How good is your code? On a scale of 1 to 10 - where 1 is a barely functioning mess, and 10 is the kind of ideal, clean code that developers dream about - what rating would you give the code you work with on a daily basis?
When I give talks and ask this question, I get a wide range of answers. 6 or 7 seems to be fairly common. That means that while our code is usually not totally dreadful, there’s a lot of room for improvement. Why is that? Why are we, as software professionals, not creating systems that are as good as we know they could be?
We know what good software looks like, so why aren’t we writing it? Are developers simply incompetent? Or are there other factors?
The gap between the code we have now, and the high-quality code that it could be (or should be), is often referred to as technical debt.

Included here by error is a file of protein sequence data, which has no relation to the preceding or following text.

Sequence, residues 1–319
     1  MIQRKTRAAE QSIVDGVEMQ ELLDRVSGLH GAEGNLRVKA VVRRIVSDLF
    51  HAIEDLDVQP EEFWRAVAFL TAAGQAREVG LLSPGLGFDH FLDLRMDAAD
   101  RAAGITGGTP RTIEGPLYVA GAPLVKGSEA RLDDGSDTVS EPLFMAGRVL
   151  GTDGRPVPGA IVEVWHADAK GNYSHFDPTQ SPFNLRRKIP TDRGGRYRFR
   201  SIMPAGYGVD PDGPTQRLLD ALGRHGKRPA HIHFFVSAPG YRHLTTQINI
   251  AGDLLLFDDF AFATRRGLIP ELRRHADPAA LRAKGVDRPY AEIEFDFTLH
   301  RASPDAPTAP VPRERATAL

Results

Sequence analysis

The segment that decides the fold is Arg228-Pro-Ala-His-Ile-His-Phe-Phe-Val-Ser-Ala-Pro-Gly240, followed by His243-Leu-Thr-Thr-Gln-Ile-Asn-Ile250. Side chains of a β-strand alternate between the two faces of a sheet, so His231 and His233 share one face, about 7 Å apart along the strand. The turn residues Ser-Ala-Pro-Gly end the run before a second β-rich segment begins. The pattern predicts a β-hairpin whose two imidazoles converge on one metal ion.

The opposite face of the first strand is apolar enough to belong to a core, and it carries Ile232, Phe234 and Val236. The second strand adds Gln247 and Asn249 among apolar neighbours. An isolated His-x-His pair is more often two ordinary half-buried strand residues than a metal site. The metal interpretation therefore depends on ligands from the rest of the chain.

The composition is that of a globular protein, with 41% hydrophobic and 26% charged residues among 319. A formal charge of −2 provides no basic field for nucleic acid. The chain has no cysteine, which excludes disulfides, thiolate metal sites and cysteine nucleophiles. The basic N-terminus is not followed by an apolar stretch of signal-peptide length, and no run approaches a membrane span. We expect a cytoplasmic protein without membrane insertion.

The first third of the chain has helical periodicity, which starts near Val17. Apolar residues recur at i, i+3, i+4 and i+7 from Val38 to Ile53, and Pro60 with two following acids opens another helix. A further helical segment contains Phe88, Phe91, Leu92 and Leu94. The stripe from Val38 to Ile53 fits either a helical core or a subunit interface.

I’ve been building software for a long time in a lot of different companies, both large and small, and always with plenty of super smart people. Yet, I don’t think I’ve ever seen a system that is completely perfect. Every company has technical debt.
I’ve often heard developers complain that they’re not being given the time to fix technical debt. They feel they’re being pressured to just carry on shipping new features. Perhaps you’re one of them. If so, this guide is for you. We’re going to take a look at the different kinds of technical debt, and why it exists. We’ll look at how to you can successfully make the case for improving code, and how to get your workplace to understand the benefits of fixing technical debt.